Thursday, January 05, 2012

The Church of Middle-Class American Virtue

Rick Santorum, the 2011 iteration of Mike Huckabee and Pat Robertson, is the "social conservative" of the day. He is supposed to support the readily identifiable Christian values of being anti-abortion and anti-"gay marriage". In the eyes of many evangelicals, he is the champion of social conservative values, even making the list of the top 25 most influential evangelicals although he is a Roman Catholic. It has made me wonder, not so much about Santorum but the idea of one political philosophy being considered the "Christian" philosophy. Are the values of "social conservatives" Christian values or are they middle-class America virtues (and if you don't understand that there is a difference between the two, we have a bigger issue)

According to his campaign website, Rick is pro-life:

Rick Santorum not only believes but cherishes the ideal of a culture of life.

Amen to that. Of course on his page he also seems not only willing but rather eager to attack Iran for developing weapons that we have possessed for over 65 years and have used twice on a civilian population...

Would work with Israel to eliminate the Iranian nuclear threat immediately; and developing a potential plan for military action if needed

Would work with Israel to determine the proper military response needed to stabilize the region, protect our allies and protect this country – including the authorization of targeted airstrikes on Iranian nuclear facilities

Eliminate the threat "immediately". Military action. Military response. Targeted airstrikes.

I guess a "culture of life" only applies to Americans and Israelis.

I understand the geo-political situation in the Middle East, probably more so now than at any other time in my life. I certainly don't draw an equivalence between the democratically elected representative government of the United States and the nutjobs running Iran. I am merely suggesting that eagerness to bomb yet another Middle Eastern country because of the perceived threat of possibly developing a nuclear weapon is not only the same rationale that led to the invasion of Iraq and the deaths of tens of thousands of innocent Iraqi civilians, it is in no way a Christian value. A middle class, "America (and Israel) first" value? Yes. The values one would develop from following Christ? No.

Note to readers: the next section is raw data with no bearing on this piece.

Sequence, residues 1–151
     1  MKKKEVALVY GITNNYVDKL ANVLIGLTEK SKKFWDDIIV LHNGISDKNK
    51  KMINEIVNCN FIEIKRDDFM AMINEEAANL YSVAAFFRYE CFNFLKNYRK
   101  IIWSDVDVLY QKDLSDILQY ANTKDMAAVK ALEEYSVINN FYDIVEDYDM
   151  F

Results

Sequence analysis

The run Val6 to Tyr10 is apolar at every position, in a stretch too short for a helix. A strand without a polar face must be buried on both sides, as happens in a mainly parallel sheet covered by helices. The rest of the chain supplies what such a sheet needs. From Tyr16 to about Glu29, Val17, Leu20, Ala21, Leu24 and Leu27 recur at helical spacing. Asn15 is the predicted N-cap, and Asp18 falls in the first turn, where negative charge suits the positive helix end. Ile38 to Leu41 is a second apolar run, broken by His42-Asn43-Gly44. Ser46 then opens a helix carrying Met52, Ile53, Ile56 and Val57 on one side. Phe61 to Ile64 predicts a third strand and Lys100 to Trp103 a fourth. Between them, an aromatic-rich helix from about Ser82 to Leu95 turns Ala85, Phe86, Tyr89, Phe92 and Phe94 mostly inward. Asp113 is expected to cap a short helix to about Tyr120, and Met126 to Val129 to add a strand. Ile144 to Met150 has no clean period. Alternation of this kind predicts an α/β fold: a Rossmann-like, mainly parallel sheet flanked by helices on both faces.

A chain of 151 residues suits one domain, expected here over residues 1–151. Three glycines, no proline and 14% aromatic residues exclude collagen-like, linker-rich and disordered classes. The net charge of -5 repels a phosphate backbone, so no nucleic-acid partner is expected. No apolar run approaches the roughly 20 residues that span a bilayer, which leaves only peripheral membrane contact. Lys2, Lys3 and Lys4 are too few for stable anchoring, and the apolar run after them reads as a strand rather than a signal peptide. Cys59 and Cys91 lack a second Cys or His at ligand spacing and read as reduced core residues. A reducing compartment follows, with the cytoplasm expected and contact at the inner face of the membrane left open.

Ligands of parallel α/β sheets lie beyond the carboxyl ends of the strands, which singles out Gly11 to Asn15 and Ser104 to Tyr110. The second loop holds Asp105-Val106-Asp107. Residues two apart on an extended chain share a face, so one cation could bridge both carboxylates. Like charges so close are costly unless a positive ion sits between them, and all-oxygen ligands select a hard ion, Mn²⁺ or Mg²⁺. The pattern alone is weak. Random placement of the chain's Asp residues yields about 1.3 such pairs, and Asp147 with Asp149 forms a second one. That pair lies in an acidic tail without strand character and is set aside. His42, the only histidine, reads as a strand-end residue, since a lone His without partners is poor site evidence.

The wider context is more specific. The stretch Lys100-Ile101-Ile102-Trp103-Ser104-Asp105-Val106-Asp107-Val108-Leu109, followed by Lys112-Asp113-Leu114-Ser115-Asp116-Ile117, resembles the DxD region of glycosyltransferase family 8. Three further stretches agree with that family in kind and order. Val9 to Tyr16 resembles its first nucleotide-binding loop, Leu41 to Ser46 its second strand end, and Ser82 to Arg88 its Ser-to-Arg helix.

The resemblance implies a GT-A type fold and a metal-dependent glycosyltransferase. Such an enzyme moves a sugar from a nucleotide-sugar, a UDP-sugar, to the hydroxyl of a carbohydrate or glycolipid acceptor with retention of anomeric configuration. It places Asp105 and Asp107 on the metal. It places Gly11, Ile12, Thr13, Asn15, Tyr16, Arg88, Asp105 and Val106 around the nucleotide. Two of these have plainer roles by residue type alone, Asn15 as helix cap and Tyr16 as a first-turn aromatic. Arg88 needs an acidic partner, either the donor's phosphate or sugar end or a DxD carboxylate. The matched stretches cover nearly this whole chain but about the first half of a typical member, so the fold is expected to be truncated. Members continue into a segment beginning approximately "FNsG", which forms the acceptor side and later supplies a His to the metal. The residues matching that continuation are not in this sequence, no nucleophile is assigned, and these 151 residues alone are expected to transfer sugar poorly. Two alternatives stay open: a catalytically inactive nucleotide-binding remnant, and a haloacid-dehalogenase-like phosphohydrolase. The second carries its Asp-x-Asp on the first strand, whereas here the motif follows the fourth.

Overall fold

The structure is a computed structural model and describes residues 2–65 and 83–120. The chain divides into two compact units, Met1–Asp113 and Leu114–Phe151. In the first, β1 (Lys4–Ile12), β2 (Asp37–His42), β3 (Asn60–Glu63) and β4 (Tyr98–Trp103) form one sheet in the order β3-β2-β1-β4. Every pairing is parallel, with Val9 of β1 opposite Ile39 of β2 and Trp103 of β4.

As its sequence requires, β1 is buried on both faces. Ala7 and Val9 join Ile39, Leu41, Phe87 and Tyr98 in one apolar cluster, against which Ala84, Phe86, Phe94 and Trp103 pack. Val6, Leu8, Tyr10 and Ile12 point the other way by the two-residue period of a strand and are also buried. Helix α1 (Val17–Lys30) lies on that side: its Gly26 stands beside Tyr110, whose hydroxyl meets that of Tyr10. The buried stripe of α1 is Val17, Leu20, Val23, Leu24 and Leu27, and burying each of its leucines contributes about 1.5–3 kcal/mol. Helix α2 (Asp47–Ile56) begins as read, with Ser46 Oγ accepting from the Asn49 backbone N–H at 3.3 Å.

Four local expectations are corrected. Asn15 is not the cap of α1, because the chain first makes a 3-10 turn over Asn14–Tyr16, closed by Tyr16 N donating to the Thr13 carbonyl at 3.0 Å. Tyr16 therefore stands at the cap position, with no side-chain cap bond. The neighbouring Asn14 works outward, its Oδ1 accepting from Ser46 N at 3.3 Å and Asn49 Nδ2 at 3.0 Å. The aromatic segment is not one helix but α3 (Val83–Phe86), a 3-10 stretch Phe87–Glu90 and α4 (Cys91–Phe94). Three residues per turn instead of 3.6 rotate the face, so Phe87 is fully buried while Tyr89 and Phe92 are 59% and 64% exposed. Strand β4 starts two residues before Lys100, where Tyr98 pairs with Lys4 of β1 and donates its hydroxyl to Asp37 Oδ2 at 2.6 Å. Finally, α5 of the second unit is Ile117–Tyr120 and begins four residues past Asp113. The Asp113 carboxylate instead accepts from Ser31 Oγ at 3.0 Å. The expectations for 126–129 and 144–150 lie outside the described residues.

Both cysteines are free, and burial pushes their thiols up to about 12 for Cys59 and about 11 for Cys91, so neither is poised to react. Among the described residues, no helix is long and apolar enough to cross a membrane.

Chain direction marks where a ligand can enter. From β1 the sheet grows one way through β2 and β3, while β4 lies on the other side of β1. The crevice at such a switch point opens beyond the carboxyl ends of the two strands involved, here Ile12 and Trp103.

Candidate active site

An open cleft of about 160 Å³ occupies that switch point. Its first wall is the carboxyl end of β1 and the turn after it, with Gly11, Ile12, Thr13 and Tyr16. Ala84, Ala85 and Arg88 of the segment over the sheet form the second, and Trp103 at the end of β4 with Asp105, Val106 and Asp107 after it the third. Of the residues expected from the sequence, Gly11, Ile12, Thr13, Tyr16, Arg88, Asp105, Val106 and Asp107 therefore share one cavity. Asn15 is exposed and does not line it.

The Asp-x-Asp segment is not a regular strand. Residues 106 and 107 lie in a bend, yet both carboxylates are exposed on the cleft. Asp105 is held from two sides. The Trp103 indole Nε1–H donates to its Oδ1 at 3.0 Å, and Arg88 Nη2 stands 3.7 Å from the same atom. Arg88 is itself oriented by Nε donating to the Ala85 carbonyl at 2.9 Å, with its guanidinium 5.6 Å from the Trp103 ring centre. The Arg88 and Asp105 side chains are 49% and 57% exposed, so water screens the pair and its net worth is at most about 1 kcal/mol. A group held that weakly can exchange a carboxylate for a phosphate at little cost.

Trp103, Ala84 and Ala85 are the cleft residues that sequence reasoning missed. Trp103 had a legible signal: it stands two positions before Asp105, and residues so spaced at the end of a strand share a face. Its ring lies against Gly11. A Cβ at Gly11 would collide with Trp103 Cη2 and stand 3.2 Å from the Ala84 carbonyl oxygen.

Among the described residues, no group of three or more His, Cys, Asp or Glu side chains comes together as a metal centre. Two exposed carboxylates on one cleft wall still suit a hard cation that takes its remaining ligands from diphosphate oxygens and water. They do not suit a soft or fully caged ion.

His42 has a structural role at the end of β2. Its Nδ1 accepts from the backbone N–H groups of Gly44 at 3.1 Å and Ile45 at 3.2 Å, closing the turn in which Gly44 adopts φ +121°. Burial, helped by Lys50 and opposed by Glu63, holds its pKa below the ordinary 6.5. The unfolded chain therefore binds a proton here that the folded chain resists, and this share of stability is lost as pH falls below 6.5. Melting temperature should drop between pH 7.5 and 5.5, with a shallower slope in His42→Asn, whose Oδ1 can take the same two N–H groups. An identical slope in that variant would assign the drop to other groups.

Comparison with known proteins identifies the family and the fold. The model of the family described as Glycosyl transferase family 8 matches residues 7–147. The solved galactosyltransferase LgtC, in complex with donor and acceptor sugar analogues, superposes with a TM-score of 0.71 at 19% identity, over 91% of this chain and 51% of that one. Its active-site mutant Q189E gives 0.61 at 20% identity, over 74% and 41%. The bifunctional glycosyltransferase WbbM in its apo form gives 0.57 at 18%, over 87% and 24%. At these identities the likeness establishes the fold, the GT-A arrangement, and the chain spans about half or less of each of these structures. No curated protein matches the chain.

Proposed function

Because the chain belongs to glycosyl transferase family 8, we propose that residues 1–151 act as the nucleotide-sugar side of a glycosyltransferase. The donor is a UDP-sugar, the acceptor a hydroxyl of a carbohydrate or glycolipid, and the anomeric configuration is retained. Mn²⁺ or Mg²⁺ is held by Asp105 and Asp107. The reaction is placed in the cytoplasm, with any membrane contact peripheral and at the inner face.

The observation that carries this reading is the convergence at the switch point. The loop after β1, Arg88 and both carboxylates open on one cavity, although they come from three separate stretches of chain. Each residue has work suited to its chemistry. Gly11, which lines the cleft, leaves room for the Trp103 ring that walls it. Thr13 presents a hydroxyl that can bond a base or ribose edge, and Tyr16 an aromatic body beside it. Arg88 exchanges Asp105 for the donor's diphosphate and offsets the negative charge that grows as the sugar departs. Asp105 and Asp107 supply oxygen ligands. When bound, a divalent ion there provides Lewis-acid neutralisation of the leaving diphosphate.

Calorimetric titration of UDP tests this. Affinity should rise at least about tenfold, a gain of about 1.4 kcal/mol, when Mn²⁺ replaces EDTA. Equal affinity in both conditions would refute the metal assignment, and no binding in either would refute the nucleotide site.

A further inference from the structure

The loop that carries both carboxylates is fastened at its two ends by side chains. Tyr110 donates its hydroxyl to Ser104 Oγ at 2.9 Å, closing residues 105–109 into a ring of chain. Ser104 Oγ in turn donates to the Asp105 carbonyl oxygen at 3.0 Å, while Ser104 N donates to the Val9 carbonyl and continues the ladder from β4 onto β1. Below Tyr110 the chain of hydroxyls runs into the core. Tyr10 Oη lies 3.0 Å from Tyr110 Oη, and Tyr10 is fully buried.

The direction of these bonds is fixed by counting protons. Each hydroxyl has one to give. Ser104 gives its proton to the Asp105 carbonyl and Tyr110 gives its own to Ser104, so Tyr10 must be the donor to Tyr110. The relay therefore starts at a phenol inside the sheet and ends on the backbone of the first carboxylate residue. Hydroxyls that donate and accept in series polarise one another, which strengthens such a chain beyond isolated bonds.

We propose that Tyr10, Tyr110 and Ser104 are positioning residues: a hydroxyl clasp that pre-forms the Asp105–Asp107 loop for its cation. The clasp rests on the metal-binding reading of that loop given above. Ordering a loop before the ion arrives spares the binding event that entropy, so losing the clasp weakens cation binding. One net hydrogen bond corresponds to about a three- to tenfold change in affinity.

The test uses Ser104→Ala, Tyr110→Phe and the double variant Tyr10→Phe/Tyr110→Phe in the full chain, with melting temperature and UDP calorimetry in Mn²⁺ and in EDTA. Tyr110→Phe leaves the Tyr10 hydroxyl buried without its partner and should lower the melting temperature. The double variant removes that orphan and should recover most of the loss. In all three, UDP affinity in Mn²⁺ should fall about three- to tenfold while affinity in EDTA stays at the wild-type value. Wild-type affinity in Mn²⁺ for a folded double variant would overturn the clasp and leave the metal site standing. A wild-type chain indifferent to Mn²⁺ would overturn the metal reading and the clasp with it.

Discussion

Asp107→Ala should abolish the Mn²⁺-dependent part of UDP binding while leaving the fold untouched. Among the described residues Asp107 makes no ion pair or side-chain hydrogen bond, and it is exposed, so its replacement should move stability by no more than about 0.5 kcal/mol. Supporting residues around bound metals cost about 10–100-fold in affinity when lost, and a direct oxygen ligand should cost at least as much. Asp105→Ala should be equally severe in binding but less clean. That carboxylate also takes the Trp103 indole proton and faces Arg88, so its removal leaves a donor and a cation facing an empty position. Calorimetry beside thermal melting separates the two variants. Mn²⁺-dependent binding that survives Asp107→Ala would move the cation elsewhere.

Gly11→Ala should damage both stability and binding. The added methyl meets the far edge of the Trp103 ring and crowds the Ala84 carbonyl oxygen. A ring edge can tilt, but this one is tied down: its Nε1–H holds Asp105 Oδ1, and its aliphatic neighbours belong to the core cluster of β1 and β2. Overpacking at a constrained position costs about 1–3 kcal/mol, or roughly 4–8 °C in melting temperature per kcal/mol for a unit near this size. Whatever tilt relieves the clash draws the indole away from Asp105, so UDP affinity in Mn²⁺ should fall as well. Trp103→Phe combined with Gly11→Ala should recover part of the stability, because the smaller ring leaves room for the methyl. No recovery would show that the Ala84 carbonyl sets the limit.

In the same way, while I think that lower taxes and generally less regulation is healthier for the economy and less government is better than more, those are not "Christian" values. A lot of people believe in those ideals and are not believers in any sense of the word including many Republicans politicians (Mitt Romney for example). Conversely a fair number of believers are of the opinion, incorrectly in my mind, that more government is best and that higher taxes on the "rich" is "fair". While we would disagree on the specifics the reality is that our comprehensive political positions are not uniquely "Christian values".

This is not just to pick on Rick Santorum. He is just the latest iteration of the political social conservative that  supposedly espouse and epitomize "Christian" values, a values system that is nothing more than religiously based economic and moral conservatism dressed up in churchy language. Supporting the "right" of a woman to kill her unborn child is clearly antithetical to the Gospel and the Biblical belief of imago dei, that all humans are created in the image of God. So is the idea of killing for country, for national "security", to defend Israel, etc. With the new found fervor over Rick Santorum, especially among social conservatives who believe he is "our guy", lets be cautious and remember that neither political party has a corner of "Christian values".

1 comment:

Jim said...

It's encouraging to read this discernment, expressed as clearly as it is. Much of the church functions by so many unexamined assumptions borrowed from the larger culture. We need His help!